Problem-Solving Courts


In 1989, Florida started the national problem-solving court movement by creating the first drug court in the United States in Miami-Dade County. Other types of problem-solving court dockets subsequently followed, using the drug court model, and were implemented to assist individuals with a range of problems such as drug addiction, mental illness, domestic violence, child abuse/neglect, and homelessness.


Problem-solving courts offer a specialized court docket and include, but are not limited to, the following elements:

  • Problem-solving team. A broad-based team of justice system stakeholders including judges, case managers, prosecutors, defense attorneys, treatment professionals, law enforcement officers, corrections personnel, and guardians ad litem.
  • Non-adversarial approach. A commitment to offering alternatives to the traditional adversarial litigation process.
  • Continuum of individualized treatment services. An array of evidence-based services designed to identify and meet the unique needs of each participant.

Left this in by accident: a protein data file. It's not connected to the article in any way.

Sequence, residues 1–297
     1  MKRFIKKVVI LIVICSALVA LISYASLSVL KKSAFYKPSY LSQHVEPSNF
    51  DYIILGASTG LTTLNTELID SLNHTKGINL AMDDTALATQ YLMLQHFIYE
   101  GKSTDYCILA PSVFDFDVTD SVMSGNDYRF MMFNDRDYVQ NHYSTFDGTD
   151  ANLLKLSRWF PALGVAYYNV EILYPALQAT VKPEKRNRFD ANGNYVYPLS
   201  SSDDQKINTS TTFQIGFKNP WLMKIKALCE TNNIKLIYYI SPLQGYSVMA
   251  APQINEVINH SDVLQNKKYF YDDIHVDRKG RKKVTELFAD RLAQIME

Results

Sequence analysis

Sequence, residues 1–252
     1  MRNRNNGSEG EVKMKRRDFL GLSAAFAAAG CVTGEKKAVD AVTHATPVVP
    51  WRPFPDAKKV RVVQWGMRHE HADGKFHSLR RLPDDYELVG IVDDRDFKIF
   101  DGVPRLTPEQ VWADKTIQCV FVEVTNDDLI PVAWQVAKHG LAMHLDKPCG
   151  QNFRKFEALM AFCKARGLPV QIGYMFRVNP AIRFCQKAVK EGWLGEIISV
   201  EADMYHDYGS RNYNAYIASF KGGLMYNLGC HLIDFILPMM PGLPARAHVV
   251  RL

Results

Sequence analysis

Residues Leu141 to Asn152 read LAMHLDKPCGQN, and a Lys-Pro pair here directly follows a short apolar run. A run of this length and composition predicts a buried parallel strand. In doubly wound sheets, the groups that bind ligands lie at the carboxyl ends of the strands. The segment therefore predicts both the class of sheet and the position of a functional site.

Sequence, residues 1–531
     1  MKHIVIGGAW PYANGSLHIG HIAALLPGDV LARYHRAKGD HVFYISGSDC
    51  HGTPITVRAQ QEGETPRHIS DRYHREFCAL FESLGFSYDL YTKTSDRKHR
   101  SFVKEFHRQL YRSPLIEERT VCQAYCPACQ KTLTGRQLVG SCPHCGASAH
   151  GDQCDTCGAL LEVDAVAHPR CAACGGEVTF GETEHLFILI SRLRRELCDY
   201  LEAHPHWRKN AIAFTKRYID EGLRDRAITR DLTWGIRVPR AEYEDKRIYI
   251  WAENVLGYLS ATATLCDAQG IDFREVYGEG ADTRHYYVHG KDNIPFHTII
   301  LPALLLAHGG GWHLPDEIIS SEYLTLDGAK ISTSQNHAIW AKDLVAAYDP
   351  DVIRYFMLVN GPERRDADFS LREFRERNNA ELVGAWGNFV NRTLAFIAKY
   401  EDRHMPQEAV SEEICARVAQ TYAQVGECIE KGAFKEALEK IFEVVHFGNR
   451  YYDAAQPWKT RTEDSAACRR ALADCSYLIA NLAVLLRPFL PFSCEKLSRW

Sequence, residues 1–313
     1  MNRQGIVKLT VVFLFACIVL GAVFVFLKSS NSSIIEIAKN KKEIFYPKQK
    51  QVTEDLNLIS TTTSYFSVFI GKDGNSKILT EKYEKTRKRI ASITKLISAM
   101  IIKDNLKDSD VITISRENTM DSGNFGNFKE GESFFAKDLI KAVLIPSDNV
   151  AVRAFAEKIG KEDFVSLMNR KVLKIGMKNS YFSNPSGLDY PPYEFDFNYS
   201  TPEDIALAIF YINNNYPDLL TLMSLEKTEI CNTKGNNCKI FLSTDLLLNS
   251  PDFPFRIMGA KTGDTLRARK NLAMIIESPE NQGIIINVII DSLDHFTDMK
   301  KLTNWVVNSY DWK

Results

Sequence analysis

• Judicial leadership and interaction. A judge who leads the problem-solving team and monitors the court case using an increased number of hearings for monitoring compliance and progress.
  • Responses to participant compliance. The use of graduated, individualized, and coordinated responses, both for incentives and sanctions, to promote both public safety and the participants’ success.


There are over 170 problem-solving court dockets in Florida including, but not limited to:

  • 95 drug courts (46 adult felony drug courts, 7 adult misdemeanor drug courts, 22 juvenile drug courts, 16 family dependency drug courts, and 4 DUI courts)
  • 23 mental health courts
  • 30 veterans courts
  • 18 early childhood courts (parents and very young children in dependency court)
  • 2 permanency courts (children who have been involved in dependency court for two or more years)